- SPIN Rating:8 of 10
Oh, Iceage. You are classicists perhaps by accident, and that is awesome.
One of the great pleasures of being a serious pop-music fan is basking in the warm glow of the Excellent Second Album (That Amplifies and Enhances Things Awesome About the First). The Stooges' Funhouse turned the trash-can fire of their debut into a towering inferno. The Velvet Underground's White Light/White Heat took their established penchant for horrible noise and ran with it. Steely Dan's Countdown to Ecstasy inched ever closer to the ideals of pure Danhood. It Takes a Nation of Millions to Hold Us Back and Straight Outta Compton changed lives, as did Sabbath's Paranoid, Metallica's Ride the Lightning, and some album called Nevermind.
You're Nothing vies for that pantheon, which is a surprise, because too often, punk rock (and especially hardcore) has failed to produce that monster sophomore album, possibly because it's more reliant on the EP as a brilliant opening gambit. Minor Threat's lone full-length is a distant second to their EPs. Bad Brains never topped the ROIR tape. The Sex Pistols didn't even bother with a second record (and no, The Great Rock 'n' Roll Swindle does not count).
But Iceage are undaunted. They seemed to come out of absolutely nowhere (well, Denmark, where they did make a debut EP in '09), four dudes on the sunny side of 21 who broke through with New Brigade, a stunning debut album that provided one of 2011's most unexpected thrill rides. Vibing off early Wire, Joy Division when they were still Warsaw (if you've never heard that oft-bootlegged album, get to either a record store or Soulseek), and their own experiences as European punk kids with sickly voices and a flare for panic, the album crashed a mess of year-end lists. Singer and guitar-basher Elias Ronnenfelt sounded like he was viciously fighting off a cold, while his cohorts wielded riffs that could launch a million blogs and tried their damnedest to hammer them into songs. The pieces were familiar, but the whole sounded unexpectedly fresh, which is both harder than it looks and probably only achievable if you're not actually trying. (This is also a fine tradition: American bands shoot for the Beatles and the Stones, only to end up as the Seeds and the Sonics.)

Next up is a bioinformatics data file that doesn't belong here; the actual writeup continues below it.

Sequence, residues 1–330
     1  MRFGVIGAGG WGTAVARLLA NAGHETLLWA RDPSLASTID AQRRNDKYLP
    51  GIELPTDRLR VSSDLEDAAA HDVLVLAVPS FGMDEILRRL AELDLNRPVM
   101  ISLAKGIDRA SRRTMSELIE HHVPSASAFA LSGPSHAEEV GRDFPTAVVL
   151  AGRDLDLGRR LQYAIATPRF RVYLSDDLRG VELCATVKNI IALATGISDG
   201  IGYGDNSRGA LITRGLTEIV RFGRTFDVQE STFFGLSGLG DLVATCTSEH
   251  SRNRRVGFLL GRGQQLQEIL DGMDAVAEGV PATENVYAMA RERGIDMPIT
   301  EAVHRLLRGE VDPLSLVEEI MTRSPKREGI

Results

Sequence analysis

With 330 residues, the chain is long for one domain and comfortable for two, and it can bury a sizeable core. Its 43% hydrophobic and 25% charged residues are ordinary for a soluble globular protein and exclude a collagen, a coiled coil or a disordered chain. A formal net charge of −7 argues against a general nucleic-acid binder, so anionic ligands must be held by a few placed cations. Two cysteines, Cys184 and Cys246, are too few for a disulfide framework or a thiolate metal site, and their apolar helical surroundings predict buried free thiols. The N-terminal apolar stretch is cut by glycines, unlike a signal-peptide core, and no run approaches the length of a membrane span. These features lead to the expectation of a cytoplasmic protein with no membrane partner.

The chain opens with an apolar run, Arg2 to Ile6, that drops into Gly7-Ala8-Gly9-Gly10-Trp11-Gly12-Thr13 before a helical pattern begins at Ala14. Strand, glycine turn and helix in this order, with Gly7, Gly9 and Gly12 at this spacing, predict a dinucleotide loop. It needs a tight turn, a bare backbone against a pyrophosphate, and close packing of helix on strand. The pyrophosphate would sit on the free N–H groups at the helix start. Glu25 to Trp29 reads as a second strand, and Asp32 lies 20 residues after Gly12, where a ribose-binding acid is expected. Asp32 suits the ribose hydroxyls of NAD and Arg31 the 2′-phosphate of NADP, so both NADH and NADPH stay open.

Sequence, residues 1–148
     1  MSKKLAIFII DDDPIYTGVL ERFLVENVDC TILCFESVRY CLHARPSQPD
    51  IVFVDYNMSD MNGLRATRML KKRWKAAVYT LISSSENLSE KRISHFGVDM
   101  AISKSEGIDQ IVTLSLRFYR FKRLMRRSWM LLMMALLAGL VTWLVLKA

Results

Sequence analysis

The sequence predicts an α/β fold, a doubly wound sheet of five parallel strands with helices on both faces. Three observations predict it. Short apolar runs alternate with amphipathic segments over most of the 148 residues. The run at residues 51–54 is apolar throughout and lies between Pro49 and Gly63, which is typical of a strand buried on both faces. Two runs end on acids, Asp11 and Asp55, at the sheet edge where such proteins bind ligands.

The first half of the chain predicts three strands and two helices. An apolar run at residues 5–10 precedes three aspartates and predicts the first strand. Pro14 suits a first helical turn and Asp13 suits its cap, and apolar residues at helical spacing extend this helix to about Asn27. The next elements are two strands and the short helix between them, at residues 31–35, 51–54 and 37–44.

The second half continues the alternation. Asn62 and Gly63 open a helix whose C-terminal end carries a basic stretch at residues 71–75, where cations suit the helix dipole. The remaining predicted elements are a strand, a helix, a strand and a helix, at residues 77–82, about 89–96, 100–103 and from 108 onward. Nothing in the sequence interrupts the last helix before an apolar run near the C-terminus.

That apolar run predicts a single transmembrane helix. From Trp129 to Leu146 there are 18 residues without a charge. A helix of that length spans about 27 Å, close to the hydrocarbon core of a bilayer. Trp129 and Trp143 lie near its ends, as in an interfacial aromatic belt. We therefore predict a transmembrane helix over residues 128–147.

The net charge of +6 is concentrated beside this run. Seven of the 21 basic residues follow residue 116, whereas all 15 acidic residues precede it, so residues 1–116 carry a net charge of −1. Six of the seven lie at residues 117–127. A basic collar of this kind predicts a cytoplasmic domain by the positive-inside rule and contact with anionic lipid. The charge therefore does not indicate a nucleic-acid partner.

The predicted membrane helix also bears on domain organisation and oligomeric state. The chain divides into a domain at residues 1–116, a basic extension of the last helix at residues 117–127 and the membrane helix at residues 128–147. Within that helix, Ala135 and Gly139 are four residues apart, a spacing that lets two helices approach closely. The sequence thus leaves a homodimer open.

You're Nothing turns everything up — it's smarter, faster, catchier and noisier than their debut, more a Funhouse than a Rock for Light. This points to another pleasure of the underground: watching young bands go from good to great in real time. Live Iceage shows inNew Brigade's aftermath were a revelation, full of tight songs that got faster and messier live, the band members careening about the stage, either high on their own electricity or really drunk. That energy leaks into this album.
And so the opener, "Ecstasy," starts steady but soon breaks into a brisk trot, Ronnenfelt musing darkly ("Each day another rock upon my head / Each night I lie awake in bed") before launching a seriously slam-worthy breakdown: "What shade / Of joy / Will hit / Me first?" At times his voice evokes a young, stuffed-up Joe Strummer, trying to understand the world before it breaks him in two. On first single "Coalition," he seems to run into serious girl problems ("She gives me signals / But our hearts are not the same / Wants me to take her / But blockades run through my veins"); let's just say that "Something denies coalition with you" is a mostly non-creepy way of suggesting things aren't working. But guitarist Johan Wieth is there to bail him out, zooming in with some prime fist-pump material while Ronnenfelt screams, "EXCESS!" like the frustrated twentysomething he is.
"Awake," meanwhile, is almost an anthem, echoing the turn toward Joy Division-as-stadium-rock that U2, as well as many a punk band, have made over the years. The opening riff is a testament to Iceage's knack for recombination: It's almost the Smiths' "You Just Haven't Earned It Yet, Baby" and almost an Echo and the Bunnymen refugee, but it's not quite all of either. And then Ronnefelt reminds you he's still figuring it all out, just like most folks his age, plotting the end times in his head: "In pleasant cages / Through adolescence / We're out of time / It's closing in / These walls are growing higher and we're / Running out of time." My guess is the third album will kill, if life doesn't kill them first.